“They were easy targets. They’re mentally disabled. They were so young, and it all got started because of a rumor,” Kirby said. “They’re so compliant. If you ask Leon something, he wants to keep you happy. It’s just a horrible series of things and not enough investigation.”


Morrison said Brown was always “the comedian” in the family and only time will tell how he and McCollum readjust to life outside of prison.


“They can never be kids again,” Morrison said. “The kids that I remember are laughing and joking. the adult stage I’ve seen behind those walls is fear, fear alone — not knowing if it’s your day to be called to be put to death.”


Rose, a senior staff attorney who represented McCollum for 20 years, said his client became “distraught” seeing other inmates disappear to be put to death.


“It’s terrifying that our justice system allowed two intellectually disabled children to go to prison for a crime they had nothing to do with, and then to suffer there for 30 years,” Rose said in an emailed statement. “Henry watched dozens of people be hauled away for execution … It’s impossible to put into words what these men have been through and how much they have lost.”


Kirby, a public defender who has represented Brown for a year, said her client’s sense of humor still remains. Despite tense silence in the courtroom, the two exchanged a few hushed chuckles and broad grins.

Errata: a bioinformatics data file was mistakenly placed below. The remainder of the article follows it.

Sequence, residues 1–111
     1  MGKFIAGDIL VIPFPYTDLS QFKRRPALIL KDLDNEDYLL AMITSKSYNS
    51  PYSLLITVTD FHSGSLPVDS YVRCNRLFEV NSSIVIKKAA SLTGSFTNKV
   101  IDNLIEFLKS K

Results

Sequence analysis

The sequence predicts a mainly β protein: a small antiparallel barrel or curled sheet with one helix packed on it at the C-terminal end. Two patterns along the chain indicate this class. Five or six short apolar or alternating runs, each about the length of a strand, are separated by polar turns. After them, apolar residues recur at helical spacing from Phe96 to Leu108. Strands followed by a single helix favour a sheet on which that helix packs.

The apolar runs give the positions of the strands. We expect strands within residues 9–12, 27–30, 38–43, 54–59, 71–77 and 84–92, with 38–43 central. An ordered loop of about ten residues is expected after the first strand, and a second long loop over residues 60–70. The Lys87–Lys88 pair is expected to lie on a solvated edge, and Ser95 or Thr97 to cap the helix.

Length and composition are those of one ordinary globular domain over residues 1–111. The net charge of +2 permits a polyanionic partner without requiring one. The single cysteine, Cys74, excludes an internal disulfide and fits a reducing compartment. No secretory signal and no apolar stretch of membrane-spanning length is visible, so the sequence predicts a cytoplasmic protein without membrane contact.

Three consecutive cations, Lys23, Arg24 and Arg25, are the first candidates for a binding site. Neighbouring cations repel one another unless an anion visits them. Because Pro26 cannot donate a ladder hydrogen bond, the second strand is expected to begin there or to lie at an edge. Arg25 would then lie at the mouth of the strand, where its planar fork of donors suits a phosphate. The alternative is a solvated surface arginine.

“I said ‘Big Mac and a milkshake’,” Kirby said, recalling what made Brown crack a smile. “… We had talked about that in the prison before — what’s the first thing he wants. He said McDonald’s.”


Morrison said his cousins can have whatever they want.


According to Kirby, McCollum has to return to Central Prison in Raleigh and Brown to Maury Correctional Institute to be “processed out” before they can walk free.


Kirby said she and Brown will stay in touch.


“Hearing the word innocent, I asked Leon, ‘Did you hear that word?’ … I don’t think I can quite let Leon go, we’ve gotten really close. I’ve been to see him, I don’t know how many times.”


Kirby became involved in the case after Brown contacted the North Carolina Innocence Inquiry Commission in 2009. As part of their investigation into his post-conviction innocence claim, he had to waive certain rights, like attorney-client privilege and protection against self-incrimination.


“Leon, he’s never let himself believe it,” Kirby said. “He’s always said he’s taking it day-by-day.”